Friday, October 07, 2005

From the Cliff-edge of Mt. Nebo 2

From where Moses stood:

On the edge of the promised land, Moses stood here and saw far more than physical geography. He saw a political map of the twelve tribes and a redemptive history stretching away to the coming of the Messiah.

Over on his PyroManiac site, Phil Johnstone has been acting out his rĂ´le as the great tribulator with his vigorous separation of chaff from grain in the matter of Christian pacifism, which is, I think, for Phil, something of an oxymoron. His tormentors, some of whom surely mean well, have forced him to explain that he hadn’t really been envisioning encountering Bin Laden among the bin liners in the local Costco. This is a bit like Billy Connolly’s reaction to hearing that a shark has bitten someone: ‘Oh no! where did that happen? Oh! in the sea! That’s different, I thought you meant in the supermarket or somewhere where sharks aren’t meant to be.’ But I digress.

A discussion of just how much collateral damage is permissible in hunting down this much of a murderer-boss could get tedious and if the discussion wasn’t so American-centred might just have foundered around the very real tragedy in the summer at Stockwell Station. If it had, though, Phil’s principle would still stand, that sometimes the taking of a life is, far from it being murder, the righteous thing to do.

Here, marking out the theological cliff-edge, we want to make a comparison between
Murder and Mendacity
concluding that, as with the righteous taking of a life, sometimes deceiving the enemy is the righteous thing to do.

The categorisation of righteous deception is a bit of a minefield. The Latin tag for such deception is mendacium officiosum but there are problems with calling it that, obscurity not being the least of them. An opinion article in The Slate by Cullen Murphy titled ‘The Lie of the Land’ speaks of mendacium officiosum and various other mendacia and explains,
'Say what one will about Catholic theology, it offers a cosmological taxonomy in
which all things have an appointed place and a well-thought-out definition,
rendered with lapidary minimalism.'
Quite! Translated into cliff-edge terms, I think that that means a jigsaw pattern edge and crumbly places. I want another term that can mean: ‘Here the standing is perfectly safe but one step more and you are over the edge.’ Moreover, within its scope, mendacium officiosum contains the ideas of officialdom’s ‘being economical with the truth’ and medicine's practice of ‘benevolent deception’ to ease pain / put off the inevitable / enable positive thinking. It is obvious that benevolent deception is a wholly different ethical minefield and can and should be discussed separately from the deceiving of enemies.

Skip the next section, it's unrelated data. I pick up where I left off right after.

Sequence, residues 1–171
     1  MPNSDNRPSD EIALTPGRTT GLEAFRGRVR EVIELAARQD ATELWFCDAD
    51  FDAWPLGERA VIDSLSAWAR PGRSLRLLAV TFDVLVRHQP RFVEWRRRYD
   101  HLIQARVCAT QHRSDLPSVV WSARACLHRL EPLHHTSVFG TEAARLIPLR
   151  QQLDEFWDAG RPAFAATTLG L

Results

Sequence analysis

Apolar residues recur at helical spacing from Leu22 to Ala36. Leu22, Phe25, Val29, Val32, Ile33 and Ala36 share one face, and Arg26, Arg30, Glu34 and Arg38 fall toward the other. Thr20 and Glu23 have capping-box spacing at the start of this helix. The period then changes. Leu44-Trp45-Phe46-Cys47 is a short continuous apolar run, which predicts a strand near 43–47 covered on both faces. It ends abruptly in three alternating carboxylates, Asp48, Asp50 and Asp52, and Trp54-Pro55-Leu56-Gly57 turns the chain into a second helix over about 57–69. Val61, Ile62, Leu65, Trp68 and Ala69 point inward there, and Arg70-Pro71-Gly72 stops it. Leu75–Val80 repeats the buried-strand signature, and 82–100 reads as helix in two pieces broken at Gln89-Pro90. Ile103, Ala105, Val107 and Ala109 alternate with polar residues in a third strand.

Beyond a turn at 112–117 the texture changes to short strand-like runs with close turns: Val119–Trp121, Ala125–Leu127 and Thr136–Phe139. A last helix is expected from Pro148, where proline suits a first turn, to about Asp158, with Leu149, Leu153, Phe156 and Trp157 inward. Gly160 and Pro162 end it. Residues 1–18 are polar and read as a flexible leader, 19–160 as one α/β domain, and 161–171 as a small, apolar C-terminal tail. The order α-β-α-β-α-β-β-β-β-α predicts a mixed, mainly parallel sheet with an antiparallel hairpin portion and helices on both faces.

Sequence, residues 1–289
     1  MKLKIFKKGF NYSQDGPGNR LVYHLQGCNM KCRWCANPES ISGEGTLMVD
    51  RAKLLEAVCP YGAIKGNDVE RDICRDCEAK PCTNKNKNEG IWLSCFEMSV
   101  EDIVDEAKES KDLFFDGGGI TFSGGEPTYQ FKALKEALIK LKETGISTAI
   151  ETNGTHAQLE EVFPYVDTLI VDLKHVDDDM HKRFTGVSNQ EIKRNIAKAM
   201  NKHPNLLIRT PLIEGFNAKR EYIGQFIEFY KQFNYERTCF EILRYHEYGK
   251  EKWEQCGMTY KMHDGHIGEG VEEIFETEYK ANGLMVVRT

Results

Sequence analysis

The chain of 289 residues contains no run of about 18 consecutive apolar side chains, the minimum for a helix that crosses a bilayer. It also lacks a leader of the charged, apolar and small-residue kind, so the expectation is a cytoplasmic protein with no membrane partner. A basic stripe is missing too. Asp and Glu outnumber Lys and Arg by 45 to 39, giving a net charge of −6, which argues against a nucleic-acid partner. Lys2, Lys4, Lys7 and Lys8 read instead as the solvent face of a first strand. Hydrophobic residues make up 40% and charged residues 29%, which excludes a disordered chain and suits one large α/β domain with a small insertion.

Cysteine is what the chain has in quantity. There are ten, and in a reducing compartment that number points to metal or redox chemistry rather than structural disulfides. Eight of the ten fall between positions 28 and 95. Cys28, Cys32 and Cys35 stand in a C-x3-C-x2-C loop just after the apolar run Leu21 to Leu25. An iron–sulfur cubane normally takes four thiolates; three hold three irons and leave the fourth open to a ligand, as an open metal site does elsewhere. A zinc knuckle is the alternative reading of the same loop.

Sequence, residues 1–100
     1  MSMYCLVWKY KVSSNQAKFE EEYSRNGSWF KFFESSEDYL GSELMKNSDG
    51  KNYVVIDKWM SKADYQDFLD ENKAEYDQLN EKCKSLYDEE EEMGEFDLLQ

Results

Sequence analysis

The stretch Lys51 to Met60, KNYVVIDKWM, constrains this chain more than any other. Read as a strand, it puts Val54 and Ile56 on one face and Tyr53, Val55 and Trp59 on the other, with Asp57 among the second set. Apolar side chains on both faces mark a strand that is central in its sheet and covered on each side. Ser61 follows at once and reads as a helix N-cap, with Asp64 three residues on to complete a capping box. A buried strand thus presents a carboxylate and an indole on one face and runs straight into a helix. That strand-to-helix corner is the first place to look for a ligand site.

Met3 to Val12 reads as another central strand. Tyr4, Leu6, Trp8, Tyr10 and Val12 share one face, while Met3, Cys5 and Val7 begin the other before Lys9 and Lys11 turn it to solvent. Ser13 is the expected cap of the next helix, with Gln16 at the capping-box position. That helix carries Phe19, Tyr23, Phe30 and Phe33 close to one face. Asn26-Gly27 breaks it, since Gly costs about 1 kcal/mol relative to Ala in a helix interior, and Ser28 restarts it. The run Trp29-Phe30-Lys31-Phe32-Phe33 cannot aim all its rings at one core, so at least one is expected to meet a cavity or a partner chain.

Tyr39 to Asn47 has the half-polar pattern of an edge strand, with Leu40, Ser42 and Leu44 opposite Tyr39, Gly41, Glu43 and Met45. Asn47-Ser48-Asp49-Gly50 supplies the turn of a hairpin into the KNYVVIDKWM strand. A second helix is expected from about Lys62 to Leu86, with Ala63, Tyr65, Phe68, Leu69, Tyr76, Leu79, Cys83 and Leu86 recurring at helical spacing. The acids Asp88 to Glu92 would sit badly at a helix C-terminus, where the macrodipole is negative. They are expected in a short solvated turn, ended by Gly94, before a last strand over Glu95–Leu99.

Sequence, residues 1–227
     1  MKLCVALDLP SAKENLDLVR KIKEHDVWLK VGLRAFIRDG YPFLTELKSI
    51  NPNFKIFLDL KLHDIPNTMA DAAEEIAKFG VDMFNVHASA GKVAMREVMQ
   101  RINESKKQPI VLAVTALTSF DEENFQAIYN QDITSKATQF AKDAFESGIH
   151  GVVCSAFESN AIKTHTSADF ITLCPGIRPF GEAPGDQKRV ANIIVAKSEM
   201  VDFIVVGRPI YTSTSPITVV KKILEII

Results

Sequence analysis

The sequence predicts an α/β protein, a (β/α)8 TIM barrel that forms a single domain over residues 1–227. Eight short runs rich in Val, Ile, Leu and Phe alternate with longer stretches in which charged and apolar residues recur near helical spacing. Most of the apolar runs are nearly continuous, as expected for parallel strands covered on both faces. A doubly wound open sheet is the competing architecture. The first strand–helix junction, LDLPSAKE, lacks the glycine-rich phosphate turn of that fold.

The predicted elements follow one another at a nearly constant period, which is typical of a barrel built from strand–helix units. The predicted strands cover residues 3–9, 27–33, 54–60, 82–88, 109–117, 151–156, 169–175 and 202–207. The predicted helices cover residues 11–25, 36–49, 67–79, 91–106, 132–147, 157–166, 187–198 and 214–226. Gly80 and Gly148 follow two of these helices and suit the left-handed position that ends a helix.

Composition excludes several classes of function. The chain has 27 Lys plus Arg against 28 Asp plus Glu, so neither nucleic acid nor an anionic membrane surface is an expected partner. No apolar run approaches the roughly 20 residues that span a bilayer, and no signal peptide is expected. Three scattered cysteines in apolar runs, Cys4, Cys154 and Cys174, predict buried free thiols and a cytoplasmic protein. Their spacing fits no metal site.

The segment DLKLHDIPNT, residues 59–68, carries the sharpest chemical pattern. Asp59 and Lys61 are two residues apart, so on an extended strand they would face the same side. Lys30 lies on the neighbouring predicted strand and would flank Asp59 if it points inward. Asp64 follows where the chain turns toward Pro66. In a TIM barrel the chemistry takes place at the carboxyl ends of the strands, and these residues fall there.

My main reason for wanting to talk about righteous deception rather than mendacium officiosum is that 'mendacium' means ‘mendacity’ which means 'lie' and the common perception that ‘a lie is a lie is a lie’ is held with tenacity even by many of those who embrace the lapidary minimalistically cosmological taxonomy of the Catholic categorisations of mendacia. In other words (thankfully), theological nuance is one thing but a gut reaction is quite another so I want to avoid calling an act of righteous deception a lie because, if a lie is a lie is a lie, then an act of righteous deception can’t be.

Here is where the comparison of how we define murder and how we define mendacity becomes relevant. We tend to have more difficulties about deception than we do about killing. The ‘Christian Quoter’, Graham Weeks, needs to ask, ‘May we admire Rahab?’ because in the story of the battle of Jericho, where we have the killing of the whole population (apart from Rahab’s household), the unlawful looting of Aachan’s ‘Babylonish garment’ and the taking of a wife from the conquered people [Mat 1:5 ‘… Salmon the father of Boaz by Rahab …’], it is the story of Rahab hiding the spies that provokes all the agonizing. Within the story of Rahab hiding the spies, it isn’t her actions that cause us a problem but her words as though her words do not accord with her actions or indeed with the righteousness of killing in battle and taking the spoils of war.

John Gagliardi, in Breakthrough Word draws heavily on Norman L. Geisler, Christian Ethics: Options and Issues for an analysis of handling the truth in in business. He says:

Ethicists such as Geisler have developed six major ways to analyze and make
sense of the problem. Two of these ways — antinomianism and generalism — deny